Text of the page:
The Carnegie Museum has found a novel way to be able to afford works by active artists: commission them for the museum’s show, the Carnegie International, then help pay for their production, like the Phyllida Barlow (above:)
“We are purchasing 80 percent of the artists whose work was exhibited in the show,” said Daniel Baumann, who curated the exhibition with Daniel Byers and Tina Kukielski.
Museum spokesman Jonathan Gaugler said the percentage of artists whose work was purchased from the show is “very high.”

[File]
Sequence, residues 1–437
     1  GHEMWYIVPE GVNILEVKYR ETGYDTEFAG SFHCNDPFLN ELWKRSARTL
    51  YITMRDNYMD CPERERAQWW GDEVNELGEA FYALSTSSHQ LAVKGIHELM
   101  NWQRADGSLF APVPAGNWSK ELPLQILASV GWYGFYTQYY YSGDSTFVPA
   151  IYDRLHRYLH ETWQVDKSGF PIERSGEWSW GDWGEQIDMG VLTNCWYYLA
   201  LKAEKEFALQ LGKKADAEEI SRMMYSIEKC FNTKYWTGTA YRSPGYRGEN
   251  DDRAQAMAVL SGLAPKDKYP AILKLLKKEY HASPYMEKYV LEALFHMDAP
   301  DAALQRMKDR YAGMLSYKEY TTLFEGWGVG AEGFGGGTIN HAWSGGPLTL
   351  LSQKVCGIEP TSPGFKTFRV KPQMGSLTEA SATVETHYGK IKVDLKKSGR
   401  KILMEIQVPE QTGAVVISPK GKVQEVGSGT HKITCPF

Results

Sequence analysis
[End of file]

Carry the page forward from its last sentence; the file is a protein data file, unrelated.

“There’s no question that we have acquired more art this time than we have in past internationals,” Mr. Gaugler said. […] Mr. Baumann explained why it makes sense to buy artworks from the International.
“The museum invests in production. So when we buy out of the exhibition, we can reduce production costs so it makes the acquisition cheaper,” he said Monday in a telephone interview.
“It’s a great opportunity to buy works that have never been shown. Many of these works premiered in Pittsburgh. It also makes sense to keep these works in Pittsburgh rather than send them to New York and buy them in a gallery.”
Art haul nets Carnegie Museum 80 percent of International show (Pittsburgh Post Gazette)